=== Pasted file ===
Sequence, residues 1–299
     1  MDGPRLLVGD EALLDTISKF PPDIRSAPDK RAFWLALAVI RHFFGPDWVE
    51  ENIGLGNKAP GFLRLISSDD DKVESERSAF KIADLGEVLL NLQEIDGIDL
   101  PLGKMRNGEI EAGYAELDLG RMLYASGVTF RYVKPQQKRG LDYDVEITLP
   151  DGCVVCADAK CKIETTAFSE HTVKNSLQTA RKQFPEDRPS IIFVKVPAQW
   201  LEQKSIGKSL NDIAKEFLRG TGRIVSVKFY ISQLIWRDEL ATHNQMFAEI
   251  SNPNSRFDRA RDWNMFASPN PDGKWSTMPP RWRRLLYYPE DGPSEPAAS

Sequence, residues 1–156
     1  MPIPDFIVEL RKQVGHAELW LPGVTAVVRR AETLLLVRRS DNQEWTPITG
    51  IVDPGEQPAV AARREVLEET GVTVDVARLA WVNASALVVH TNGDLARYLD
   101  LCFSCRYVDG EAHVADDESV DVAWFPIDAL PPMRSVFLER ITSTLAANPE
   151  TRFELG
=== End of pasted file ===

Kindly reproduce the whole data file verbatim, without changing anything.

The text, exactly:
Sequence, residues 1–299
     1  MDGPRLLVGD EALLDTISKF PPDIRSAPDK RAFWLALAVI RHFFGPDWVE
    51  ENIGLGNKAP GFLRLISSDD DKVESERSAF KIADLGEVLL NLQEIDGIDL
   101  PLGKMRNGEI EAGYAELDLG RMLYASGVTF RYVKPQQKRG LDYDVEITLP
   151  DGCVVCADAK CKIETTAFSE HTVKNSLQTA RKQFPEDRPS IIFVKVPAQW
   201  LEQKSIGKSL NDIAKEFLRG TGRIVSVKFY ISQLIWRDEL ATHNQMFAEI
   251  SNPNSRFDRA RDWNMFASPN PDGKWSTMPP RWRRLLYYPE DGPSEPAAS

Sequence, residues 1–156
     1  MPIPDFIVEL RKQVGHAELW LPGVTAVVRR AETLLLVRRS DNQEWTPITG
    51  IVDPGEQPAV AARREVLEET GVTVDVARLA WVNASALVVH TNGDLARYLD
   101  LCFSCRYVDG EAHVADDESV DVAWFPIDAL PPMRSVFLER ITSTLAANPE
   151  TRFELG